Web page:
Male and Female Millennials View Retirement Differently

By | Acumen Insights

Schwab Retirement Plan Services, Inc. conducted a nationwide survey of 25- to 35-year olds who participate in a 401(k) plan. The results revealed that millennial men and women approach planning and saving for retirement very differently. When asked about if they are concerned about being healthy enough to enjoy retirement, 54 percent of millennial men said this was a large concern. Only 30 percent of millennial women were concerned about this. This is particularly surprising despite the fact that both millennial men and women reported being in good shape physically. Approximately 86 percent of millennial men and 84 percent of millennial women reported being in good health.

Millennial women were far more concerned than millennial men about having enough money to enjoy retirement. Seventy-nine percent of millennial women reported that this was a concern for them. Only 46 percent of millennial men reported this being a concern. Despite the significant differences, both millennial women and men reported being in a good financial health. Seventy-nine percent of millennial women and 77 percent of millennial men said they were in good financial shape.

Not knowing how much to save for retirement appears to be an issue for both millennial men and women, but more for women. A little over half of millennial men (55 percent) reported that they felt they were saving enough to retire when they wanted to.  Only 42 percent of millennial women felt this way.

The aforementioned numbers likely relate to confusion, uncertainty, and ambiguity regarding 401(k) investing. Specifically, 61 percent of millennial women and 44 percent of millennial men reported not knowing what their best 401(k) investment options are. Approximately 55 percent of millennial men and only 36 percent of millennial women reported feeling on top of their 401(k) investments. In addition, just over a third (35 percent) of the men and 42 percent of the women reported feeling 401(k) investing-related stress.

Millennial Perceptions of Discrimination and Advantage in the Workplace

By | Acumen Insights

GenForward, a joint survey between the Black Youth Project at the University of Chicago and the AP-NORC Center, examined discrimination and advantage from a sample of 18- to 30-year-olds. Of all the racial/ethnic groups, young African-Americans were most likely to report being discriminated against professionally. Approximately 48 percent said they were discriminated against while looking for a job and in the workplace. About a third of Latinos/as and Asian-Americans reported being discriminated against in these two contexts. Only 10 percent of Whites reported these types of discrimination.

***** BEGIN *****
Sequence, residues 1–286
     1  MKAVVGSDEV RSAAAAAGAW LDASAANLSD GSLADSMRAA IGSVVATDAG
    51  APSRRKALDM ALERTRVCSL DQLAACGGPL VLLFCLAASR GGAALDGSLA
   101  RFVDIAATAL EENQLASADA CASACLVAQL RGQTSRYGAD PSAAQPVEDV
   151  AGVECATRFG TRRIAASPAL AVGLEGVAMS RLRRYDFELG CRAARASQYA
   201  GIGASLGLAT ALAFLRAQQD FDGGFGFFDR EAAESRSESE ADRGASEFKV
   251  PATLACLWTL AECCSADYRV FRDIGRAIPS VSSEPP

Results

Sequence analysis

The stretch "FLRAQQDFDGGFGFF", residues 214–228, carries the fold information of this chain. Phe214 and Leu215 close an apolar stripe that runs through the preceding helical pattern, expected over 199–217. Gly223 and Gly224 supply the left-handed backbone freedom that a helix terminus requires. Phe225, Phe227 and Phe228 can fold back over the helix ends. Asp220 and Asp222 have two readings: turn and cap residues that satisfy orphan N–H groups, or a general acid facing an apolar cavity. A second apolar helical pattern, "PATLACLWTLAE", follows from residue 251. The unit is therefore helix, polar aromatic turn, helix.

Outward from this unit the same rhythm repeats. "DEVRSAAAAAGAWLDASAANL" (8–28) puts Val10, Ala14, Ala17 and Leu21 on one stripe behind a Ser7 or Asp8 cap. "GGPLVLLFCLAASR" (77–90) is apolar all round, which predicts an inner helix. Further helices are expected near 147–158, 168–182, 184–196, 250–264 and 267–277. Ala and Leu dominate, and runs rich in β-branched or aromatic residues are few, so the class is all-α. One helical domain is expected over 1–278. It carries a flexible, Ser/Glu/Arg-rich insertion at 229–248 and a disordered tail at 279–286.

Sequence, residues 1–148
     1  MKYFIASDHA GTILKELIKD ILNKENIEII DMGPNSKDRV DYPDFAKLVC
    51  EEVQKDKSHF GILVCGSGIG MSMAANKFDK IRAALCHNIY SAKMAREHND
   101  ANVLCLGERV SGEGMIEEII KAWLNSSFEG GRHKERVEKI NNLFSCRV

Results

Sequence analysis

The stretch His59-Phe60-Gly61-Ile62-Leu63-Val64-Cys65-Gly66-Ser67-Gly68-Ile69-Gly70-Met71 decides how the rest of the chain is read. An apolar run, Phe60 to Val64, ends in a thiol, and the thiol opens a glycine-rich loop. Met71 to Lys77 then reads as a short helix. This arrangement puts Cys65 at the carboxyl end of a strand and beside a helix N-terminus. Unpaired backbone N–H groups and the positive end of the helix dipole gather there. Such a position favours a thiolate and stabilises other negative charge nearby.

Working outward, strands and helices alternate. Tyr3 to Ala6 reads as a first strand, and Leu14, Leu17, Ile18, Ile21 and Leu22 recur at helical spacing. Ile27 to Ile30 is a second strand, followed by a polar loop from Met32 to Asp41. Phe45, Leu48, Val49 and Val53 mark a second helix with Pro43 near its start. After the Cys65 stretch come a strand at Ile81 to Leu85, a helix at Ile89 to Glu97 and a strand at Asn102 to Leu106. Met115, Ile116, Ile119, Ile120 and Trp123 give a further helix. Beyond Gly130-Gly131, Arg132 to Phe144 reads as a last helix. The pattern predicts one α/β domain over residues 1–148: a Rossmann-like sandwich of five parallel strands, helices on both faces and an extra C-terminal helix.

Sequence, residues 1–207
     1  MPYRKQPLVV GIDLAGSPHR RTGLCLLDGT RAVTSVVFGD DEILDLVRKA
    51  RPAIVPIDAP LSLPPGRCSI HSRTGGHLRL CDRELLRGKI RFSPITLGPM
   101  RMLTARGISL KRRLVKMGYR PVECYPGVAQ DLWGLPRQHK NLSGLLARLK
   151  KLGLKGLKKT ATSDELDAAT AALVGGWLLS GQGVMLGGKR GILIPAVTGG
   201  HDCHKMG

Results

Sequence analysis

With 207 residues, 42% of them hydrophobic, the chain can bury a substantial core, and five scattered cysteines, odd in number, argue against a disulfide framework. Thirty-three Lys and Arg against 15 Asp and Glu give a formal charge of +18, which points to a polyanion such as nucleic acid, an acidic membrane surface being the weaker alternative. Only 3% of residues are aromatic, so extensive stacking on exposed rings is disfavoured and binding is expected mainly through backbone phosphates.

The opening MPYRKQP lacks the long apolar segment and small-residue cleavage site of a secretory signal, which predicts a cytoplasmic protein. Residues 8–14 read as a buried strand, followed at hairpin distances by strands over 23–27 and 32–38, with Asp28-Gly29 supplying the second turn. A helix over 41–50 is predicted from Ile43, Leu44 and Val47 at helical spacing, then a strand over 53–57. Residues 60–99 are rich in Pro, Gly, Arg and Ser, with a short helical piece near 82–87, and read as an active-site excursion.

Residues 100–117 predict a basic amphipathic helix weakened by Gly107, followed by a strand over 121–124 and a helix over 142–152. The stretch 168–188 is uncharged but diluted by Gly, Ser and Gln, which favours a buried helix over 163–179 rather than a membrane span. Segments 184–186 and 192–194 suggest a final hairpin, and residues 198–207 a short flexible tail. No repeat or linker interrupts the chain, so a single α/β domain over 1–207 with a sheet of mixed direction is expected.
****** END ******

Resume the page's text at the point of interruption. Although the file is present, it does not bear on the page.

Women of all racial/ethnic groups and African-American men were more likely to report experiencing gender discrimination in the workplace than White men.  Just over a third (33 percent) of African-American women and men reported experiencing discrimination. In addition, 25 percent of Asian-American, 26 percent of Latina, and 33 percent of White women reported experiencing discrimination. Asian-American (12 percent), Latino (14 percent), and White (10 percent) men were the least likely to report gender discrimination in the workplace.

In terms of advantage, women are most likely to report that men have an advantage when it comes to getting ahead economically. This finding was consistent for all racial and ethnic groups. Women, regardless of racial or ethnic group, also reported that their gender makes it harder for them to succeed.

Many of the individuals surveyed also reported that they believe wealthy individuals have an economic advantage. This was the case with 90 percent of Whites, 83 percent of Asian-Americans, 83 percent of Latino/as and 80 percent of African-Americans. Younger individuals were more likely to perceive that the wealthy have an advantage than to perceive Whites or men having an advantage.

Today’s Women Still Experience Gender Disparities in the Workplace

By | Acumen Insights

A joint study by LeanIn.Org and McKinsey & Company surveyed 34,000 employees from 39 different companies. The study found that women are still underrepresented at every level of organizations, with most disparity at higher levels. For example, the c-suite levels of these organizations were comprised of 81 percent men and 19 percent women. The SVP levels were comprised of 76 percent men and 24 percent women.

Women are not only poorly represented at various levels of the workforce, but they also experience disparities within it. For instance, women are less likely to be promoted to manager, so fewer end up on the path to leadership. Promotion rates are significantly lower for women compared to men. For every 100 women promoted, 130 men are promoted.

Women are also less likely to have access to senior leaders. Women report fewer interactions with senior leaders than their male counterparts. Fifty-one percent of women in senior management reported that they interacted with a company leader at least once a week, versus 62 percent of men. Women were also less likely to report that a senior leader outside of their direct management chain helped them get a promotion or challenging new assignment.

In terms of feedback, women are less likely to receive it than men. Women ask for informal feedback just as much as men. However, they receive it less frequently. Women were 20 percent less likely than men to report that their manager frequently gives them feedback that helps to improve their performance.

Finally, although women negotiate as often as men, they often receive pushback when they do. Women who negotiate are 30 percent more likely than men who negotiate to receive feedback that they are “intimidating,” “too aggressive,” or “bossy”. In addition, they are 67 percent more likely than women who do not negotiate to receive the same type of negative feedback.